April 26, 2018

The Advocate's Toolbox

Separating Church & State: Is it legal to display religious brochures in public school libraries? | Scales on Censorship

A local church recently asked me to display a brochure about its vacation Bible school in our public school library. I refused because that would violate the separation between church and state. Our principal attends the church, and some of its members have complained to him. Now I’m on the hot seat.

You are absolutely right to refuse to display the pamphlet. I’d expect a public school principal to understand this issue. Check your district’s policies: I bet they prohibit displaying religious promotional materials in school.

Our district has had a rash of book challenges this year, and now the school board wants to narrow our selection policy. I don’t have time to read every title I order for our library, but I feel accountable for what I select. I need help!

An organized group may be instigating these challenges. It sounds as if the school board doesn’t have the courage to let parents know that what a child reads should be between the parent and child. And what about parents who want their kids to read widely and to learn about various cultures and lifestyles? Perhaps some of them will speak up on your behalf. Ask the school board if librarians can help create the new policy. Make sure that everyone understands that you have an obligation to serve all of your students, not just conservative ones. Hang tough. This may blow over.

Our midsize public library circulates loads of audiobooks, but lately, many of them have been challenged. When the local paper interviewed our library board chairman, he boldly declared that “children need to be reading, not listening to books.” Now the board wants to cut our audiobook budget.

I’m appalled by his comment. The library board’s role is to make policy not value judgments. Many families count on recorded books as a shared activity—ask them to appeal to your library board. Also, make sure that your board knows that the Association of Library Service for Children, a division of the American Library Association, publishes an annual list of “Notable Children’s Recordings,” which are selected by a committee of professionals from across the country that evaluates new releases for quality, performance, and relevance to children’s collections. Public libraries need to purchase these items to stay current with the best in children’s recordings.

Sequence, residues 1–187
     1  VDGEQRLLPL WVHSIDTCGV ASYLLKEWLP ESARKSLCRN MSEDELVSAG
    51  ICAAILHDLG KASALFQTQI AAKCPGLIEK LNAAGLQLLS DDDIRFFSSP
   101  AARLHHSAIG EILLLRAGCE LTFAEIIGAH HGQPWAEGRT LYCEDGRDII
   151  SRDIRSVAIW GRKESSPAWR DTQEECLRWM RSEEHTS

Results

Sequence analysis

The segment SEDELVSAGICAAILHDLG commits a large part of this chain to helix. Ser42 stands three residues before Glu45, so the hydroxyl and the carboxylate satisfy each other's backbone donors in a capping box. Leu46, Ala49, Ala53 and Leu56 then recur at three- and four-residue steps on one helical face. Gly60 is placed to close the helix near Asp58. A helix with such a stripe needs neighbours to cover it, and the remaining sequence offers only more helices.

My son’s high school English teachers have stopped recommending books for summer reading. They’ve had so many challenges to their list, they felt it wasn’t worth the hassle. That seems like the coward’s way out.

Most people, including teenagers, select books that have been recommended to them by teachers, librarians, or peers. It’s too bad that your son’s teachers are caving to what’s most likely a vocal minority. Ask the teachers to make a list of summer reading recommendations for your son. Better yet, solicit support from parents who think it’s important to provide kids with summer reading suggestions—that way, the teachers will hear some positive feedback about their past efforts.

There’s a child who never misses any of our small public library’s weekly storytimes. The problem is, her mother sits nearby and occasionally makes comments while I’m reading, which makes me nervous since she’s challenged some of our books. She’s starting to affect my selections for storytime.

Tell the mother that it’s terrific that she brings her child to storytime, but ask if she can busy herself in another part of the library during the program. You can simply say that sometimes having another adult in the room inhibits the way that kids respond to the story. You might also let her know ahead of time what book you’re planning to read, so she can decide if she wants her child to hear it. Also, offer her a volunteer job, such as shelving books or preparing materials for a special activity. If she becomes more involved in your program, she may see things differently. You are the professional. Do not let her dictate what you read.

Pat Scales is chair of the American Library Association’s Intellectual Freedom Committee. You can send your questions or comments on censorship to her at pscales@bellsouth.net.